The idea would be to show our telcos and government just how b0rked the network is in 2011, even with about half the country failing to comprehend what a computer is for or why anyone would even want one. If you made everyone use a computer on a specific day e.g. to fill out the census form, and then try uploading a video to the Census Dept showing what went wrong, that should cause a certain amount of network nightmares along with all the normal everyday usage that our connections struggle to cope with.

What do you think?!
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Thursday 10 March 2011

The FTTH Pledge Pot

Read more! I believe (Blimey, sound like someone else!) that there is an appetite to invest in order to resolve the broadband issue. And, oh dearest Coalition, I think you may be making it harder than it need be.

This blog post can be read at

My belief in how to ensure that the UK has ubiquitous, accessible and affordable true broadband has never faltered. The Access to Broadband Campaign was built on the most solid of foundations, and I believe that all we pushed for in 2000-2004 stands solid today. AFAIK, the website and all the incredible content that we created, and which has fed into so much of today's thinking, is still there as reference material.

However, it is time to overcome an issue that is so simple to solve, so obvious a barrier, and so vitally important to resolve, if we are to succeed with Next generation broadband.


Someone, somewhere, decided that Local Authorities, in the midst of massive and comprehensive budget cuts, and with no experience of telecoms or even knowledge of the last decade of broadband revelations, would be the most appropriate to "bring up to speed" and pilot solutions for an issue of such huge import as "Final Third First".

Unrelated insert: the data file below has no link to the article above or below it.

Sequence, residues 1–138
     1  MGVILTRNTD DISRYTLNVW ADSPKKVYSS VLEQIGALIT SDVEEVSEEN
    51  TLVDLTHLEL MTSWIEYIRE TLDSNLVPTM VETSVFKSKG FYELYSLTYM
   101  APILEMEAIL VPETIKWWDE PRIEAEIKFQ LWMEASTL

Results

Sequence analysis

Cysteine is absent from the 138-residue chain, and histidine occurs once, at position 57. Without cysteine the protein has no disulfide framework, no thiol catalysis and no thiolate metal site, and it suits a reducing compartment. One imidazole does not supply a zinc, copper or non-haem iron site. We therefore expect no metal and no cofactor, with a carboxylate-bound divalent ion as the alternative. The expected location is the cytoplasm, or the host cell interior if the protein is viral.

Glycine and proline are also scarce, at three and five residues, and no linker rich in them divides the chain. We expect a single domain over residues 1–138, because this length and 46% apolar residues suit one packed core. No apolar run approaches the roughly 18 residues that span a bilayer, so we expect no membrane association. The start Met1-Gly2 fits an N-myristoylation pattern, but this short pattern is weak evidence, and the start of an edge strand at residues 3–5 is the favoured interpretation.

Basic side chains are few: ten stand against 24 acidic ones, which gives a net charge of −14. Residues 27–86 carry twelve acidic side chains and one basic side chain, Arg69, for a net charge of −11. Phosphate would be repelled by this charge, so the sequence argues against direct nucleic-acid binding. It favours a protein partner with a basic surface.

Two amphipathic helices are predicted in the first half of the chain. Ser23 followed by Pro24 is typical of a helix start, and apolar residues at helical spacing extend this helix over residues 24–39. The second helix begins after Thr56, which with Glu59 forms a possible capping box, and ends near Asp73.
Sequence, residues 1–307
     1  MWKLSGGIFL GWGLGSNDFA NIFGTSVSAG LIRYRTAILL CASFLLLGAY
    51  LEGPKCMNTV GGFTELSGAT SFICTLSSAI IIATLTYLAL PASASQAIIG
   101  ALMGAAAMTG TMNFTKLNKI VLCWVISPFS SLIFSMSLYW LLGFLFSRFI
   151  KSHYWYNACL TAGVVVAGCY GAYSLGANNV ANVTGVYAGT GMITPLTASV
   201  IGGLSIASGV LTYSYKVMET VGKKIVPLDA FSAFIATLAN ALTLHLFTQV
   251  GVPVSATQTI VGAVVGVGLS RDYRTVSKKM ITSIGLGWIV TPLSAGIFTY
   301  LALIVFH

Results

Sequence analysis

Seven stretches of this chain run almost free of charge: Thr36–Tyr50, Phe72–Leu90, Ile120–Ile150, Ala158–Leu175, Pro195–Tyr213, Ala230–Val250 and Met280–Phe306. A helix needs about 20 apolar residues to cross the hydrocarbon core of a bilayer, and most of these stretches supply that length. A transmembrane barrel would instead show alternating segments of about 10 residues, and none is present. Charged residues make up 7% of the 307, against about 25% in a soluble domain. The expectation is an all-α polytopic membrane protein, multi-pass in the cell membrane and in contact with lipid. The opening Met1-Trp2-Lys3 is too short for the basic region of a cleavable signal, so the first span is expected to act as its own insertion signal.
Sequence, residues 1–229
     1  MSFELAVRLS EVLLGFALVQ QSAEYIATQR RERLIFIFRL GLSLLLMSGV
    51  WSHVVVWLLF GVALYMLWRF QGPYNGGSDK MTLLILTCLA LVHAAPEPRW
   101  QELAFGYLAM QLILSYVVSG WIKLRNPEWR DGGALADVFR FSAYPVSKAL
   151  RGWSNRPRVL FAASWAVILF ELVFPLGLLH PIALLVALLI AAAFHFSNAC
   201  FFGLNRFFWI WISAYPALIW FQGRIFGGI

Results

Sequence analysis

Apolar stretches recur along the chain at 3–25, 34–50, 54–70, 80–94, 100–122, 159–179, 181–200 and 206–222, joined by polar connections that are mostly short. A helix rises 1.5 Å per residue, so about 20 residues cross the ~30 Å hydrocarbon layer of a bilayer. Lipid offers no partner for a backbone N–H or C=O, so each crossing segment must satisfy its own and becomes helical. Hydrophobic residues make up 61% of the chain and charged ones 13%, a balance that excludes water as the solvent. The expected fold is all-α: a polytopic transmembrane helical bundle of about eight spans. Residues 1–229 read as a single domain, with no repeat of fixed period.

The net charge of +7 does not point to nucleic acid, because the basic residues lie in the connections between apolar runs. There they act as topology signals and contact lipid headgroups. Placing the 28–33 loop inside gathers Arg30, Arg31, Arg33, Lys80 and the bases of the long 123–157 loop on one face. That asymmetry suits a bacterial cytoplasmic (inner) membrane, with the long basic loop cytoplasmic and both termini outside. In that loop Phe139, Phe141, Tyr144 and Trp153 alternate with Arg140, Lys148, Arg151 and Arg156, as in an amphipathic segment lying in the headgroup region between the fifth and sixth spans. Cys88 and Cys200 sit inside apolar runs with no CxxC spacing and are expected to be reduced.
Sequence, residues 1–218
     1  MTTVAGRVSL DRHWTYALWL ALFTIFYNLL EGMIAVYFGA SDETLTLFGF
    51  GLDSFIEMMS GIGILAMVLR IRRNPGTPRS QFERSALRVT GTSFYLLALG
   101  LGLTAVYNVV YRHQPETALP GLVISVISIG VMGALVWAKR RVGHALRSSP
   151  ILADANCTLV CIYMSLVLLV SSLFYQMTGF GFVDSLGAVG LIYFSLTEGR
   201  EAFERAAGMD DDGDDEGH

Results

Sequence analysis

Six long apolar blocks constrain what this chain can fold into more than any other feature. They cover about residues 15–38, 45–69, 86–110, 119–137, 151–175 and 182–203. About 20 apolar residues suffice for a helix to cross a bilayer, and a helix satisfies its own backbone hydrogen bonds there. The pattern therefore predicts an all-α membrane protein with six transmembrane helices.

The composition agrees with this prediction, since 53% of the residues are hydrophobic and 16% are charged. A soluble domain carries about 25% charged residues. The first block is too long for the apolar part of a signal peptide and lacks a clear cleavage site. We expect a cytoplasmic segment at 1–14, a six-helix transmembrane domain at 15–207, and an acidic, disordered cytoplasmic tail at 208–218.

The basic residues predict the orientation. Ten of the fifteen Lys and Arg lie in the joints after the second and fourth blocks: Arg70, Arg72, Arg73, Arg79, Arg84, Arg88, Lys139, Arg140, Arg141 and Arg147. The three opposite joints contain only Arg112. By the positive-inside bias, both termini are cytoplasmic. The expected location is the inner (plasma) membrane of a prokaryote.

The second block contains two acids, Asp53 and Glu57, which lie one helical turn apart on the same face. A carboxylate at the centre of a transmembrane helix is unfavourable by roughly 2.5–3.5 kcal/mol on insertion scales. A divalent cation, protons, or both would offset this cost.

Knowing what effect next generation broadband has both socially and economically, someone, somewhere, chose to dump this firework into the laps of people who cannot possibly be expected to understand 25 years of FTTH, let alone 120 years of telecoms, in a few months, whilst also operating in what can only be called a "public sector war zone".

From the outside, it looks like the majority of people are trying to stick to the "Keep Calm and Carry On" ethos, whilst keeping their heads low so they are not caught in the crossfire of budget cuts and lay offs.That is entirely understandable - you too have mouths to feed, and mortgages/rent to pay.

The 4 BDUK pilots have not yet, in six whole months, actually been introduced to each other AFAIK. Online or offline. There has been no meeting that would permit these public sector bods, who are also citizens and consumers once out of their suits, a chance to talk to one another about common problems, issues faced with the procurement etc. Let alone bringing together the "Big Society" who have clearly established their wont to be involved in making the right decision with this money from the public purse.